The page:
NJ bicycle dealers hope US is the next big market for electric bikes
You might consider it a new breed of bicycle, but it's been around for years — New Jersey and the U.S. are just catching on to the trend.
Electric bicycles, or e-bikes, use battery power to assist riders with pedaling over unpleasant terrain or while they're exhausted. Some models can also do all the work for you — propelling forward with no pedaling necessary — when you engage the throttle.
In Verona, Electric Spokes Co. believes it's on the ground floor of a booming industry stateside that's already a "way of life" in Europe.
"They're outselling conventional bikes in many countries," said Derek Mithaug, CEO of Electric Spokes, one of just two bike shops in New Jersey selling electric models exclusively. "We're 10 years behind Europe."
Since opening in 2015, Mithaug said, demand has been overwhelming.
"We're expanding, we're franchising," he said. "We have our first franchisee opening in Denville."
That's scheduled to occur on Black Friday, and franchise locations will go by the name Voltaire Cycles.
According to market research company NPD Group, dollar sales and unit sales of e-bikes in the U.S. jumped nearly 100 percent in the 12 months ending July 2017. It's currently considered a $64.9 million category.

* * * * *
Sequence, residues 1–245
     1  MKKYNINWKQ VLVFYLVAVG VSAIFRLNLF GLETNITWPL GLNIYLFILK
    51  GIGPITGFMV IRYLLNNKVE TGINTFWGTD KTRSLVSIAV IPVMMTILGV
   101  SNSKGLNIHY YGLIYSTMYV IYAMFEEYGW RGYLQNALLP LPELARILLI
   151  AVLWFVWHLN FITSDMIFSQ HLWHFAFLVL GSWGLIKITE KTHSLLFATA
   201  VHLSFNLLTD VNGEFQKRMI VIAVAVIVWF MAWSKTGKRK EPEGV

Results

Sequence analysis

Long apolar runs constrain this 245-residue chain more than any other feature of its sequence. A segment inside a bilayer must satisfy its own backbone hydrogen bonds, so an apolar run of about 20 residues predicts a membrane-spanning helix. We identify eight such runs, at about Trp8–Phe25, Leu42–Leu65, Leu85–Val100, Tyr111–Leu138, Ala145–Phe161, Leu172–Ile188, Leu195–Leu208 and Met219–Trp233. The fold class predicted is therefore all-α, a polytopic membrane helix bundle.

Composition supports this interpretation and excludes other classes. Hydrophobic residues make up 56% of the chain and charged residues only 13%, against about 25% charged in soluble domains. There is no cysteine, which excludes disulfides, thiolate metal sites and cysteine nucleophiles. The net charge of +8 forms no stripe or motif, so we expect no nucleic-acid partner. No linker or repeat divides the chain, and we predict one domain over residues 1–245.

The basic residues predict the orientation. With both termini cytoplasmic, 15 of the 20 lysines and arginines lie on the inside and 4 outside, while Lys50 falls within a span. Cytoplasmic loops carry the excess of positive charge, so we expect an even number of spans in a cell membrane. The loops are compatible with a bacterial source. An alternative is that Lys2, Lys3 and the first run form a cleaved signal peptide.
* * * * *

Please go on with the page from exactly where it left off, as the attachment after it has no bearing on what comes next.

"There are not enough sale channels for electric bikes," Mithaug said. "Entrepreneurs, independent business owners, people who might want to be changing careers — this is a great industry to get into."
Electric Spokes carries more than a dozen brands of electric bikes. Some models feature just pedal-assist, others propel you forward at limited speeds with no assistance from the rider, and some can do both.
According to Mithaug, the average price point is around $2,200. Some go for as little as $1,000, while models with the most advanced version of pedal-assist and the ability to run longer on a single charge can cost you $10,000.
The Electric Spokes team is pushing for passage of legislation in New Jersey that would put e-bike regulations in line with the laws surrounding regular bicycles. That's currently the case, but at the risk of confusion or interference in the future as the popularity of e-bikes increases, a law on the books would definitively differentiate e-bikes from a motorcycle or motor vehicle.
"People tend to want to consider e-bikes as mopeds, and they are not," said Jamie Gilson, director of communications for Electric Spokes. "It is not a gasoline-powered engine, and there are built-in speed limitations that are designed for safety and operability."
Legislation sponsored by Democrats Tim Eustace in the Assembly and Linda Greenstein in the Senate, if passed, would limit an e-bike's speed to 28 mph, according to Gilson. It was approved by the full Assembly in June and awaits consideration by a committee in the Senate.
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